Live Reviews

  Frankie Rose and The Outs, Midnight Harlots, North American War live at Nice and Sleazy in Glasgow

So the Christmas countdown is well underway. Funds are shrinking and you’re still trying to find a girl to place under mistletoe. Sound familiar? Hopefully not. Despite all my running around, I still managed to find myself in the bunker at Nice ‘n’ Sleazy, where Frankie Rose & the Outs were headlining. All the way from New York and there’s still a Subway and a Starbucks on every street.
First up were the Midnight Harlots, a four-piece band who walked a fine musical line between primitive and contemporary. Singer/guitarist Kadie sang with a distressed sincerity, freely trading lyrics with guitarist Chris. Not many acts succeed in revisiting the sounds of the Stooges without sounding like a cheap imitation but the Midnight Harlots do so pretty well. Could it be the female touch? “She Devil” and a smart version of the White Stripes’ “Fell in Love with a Girl” were highlights of a set that will surely have convinced a few people to pay attention. Go, see!

In not quite dissimilar fashion, North American War followed. Although the use of the bowed instrument didn’t immediately work, this act - once known as La Somnambule - soon got into their stride, taking aim at their audience with an onset of moody, atmospheric sounds. Quite pleasing was the contrast between the young female singer and the apparent musical storm in which she stood. A noise band with a difference, you could say. Worth checking out. Just don’t stand too close in case you get sucked in.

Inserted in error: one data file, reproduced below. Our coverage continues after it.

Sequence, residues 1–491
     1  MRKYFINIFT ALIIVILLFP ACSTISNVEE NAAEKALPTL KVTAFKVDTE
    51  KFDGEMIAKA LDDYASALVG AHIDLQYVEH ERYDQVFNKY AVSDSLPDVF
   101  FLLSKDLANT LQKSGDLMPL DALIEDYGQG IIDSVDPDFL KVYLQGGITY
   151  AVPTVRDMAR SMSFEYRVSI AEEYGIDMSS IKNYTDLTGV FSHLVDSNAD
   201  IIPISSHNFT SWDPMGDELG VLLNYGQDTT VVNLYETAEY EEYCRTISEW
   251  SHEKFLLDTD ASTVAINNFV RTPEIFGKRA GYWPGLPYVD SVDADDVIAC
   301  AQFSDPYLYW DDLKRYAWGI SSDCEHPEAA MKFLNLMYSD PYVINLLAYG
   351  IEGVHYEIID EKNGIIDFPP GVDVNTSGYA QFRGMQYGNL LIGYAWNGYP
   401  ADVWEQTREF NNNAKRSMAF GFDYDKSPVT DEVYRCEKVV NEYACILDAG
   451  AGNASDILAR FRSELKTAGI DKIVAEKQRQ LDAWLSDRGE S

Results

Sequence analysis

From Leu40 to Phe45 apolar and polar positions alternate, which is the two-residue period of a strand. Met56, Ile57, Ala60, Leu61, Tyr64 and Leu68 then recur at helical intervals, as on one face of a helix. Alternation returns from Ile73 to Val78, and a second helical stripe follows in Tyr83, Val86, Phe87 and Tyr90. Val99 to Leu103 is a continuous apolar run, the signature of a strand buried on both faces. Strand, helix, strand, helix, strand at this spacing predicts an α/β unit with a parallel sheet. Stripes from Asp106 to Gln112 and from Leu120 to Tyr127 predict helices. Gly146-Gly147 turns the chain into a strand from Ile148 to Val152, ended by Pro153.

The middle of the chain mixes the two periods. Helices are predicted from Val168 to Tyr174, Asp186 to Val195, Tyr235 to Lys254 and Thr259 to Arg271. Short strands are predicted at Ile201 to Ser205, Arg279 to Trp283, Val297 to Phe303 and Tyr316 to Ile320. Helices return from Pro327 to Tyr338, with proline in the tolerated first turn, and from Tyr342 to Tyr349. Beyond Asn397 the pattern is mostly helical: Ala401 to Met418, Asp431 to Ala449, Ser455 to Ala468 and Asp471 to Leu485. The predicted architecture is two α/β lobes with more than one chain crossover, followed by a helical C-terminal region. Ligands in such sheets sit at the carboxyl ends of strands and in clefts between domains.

Last on were Frankie Rose & the Outs, who seem to have rescued the term “girl-group” from the confines of homogeneity. Showing a level of experience that can’t be read from their looks, the girls ran through a short-lived set of atavistic pop-rock. Imagine the Ronettes - complete with instruments - playing Velvet Underground songs and you’re about halfway there. The deceptively saccharine “Candy” was the highlight of a set that could perhaps have lasted a bit longer. In saying that, a shady basement is no place for young women. Watch out for this act in bigger, better, brighter venues in times ahead.
So, that’s that. Pen put away for another night. Time to go back home and plot the downfall of big business, bankers and anyone else standing in my way. If you run really fast in a crowd, people will fall over. That’s a start.

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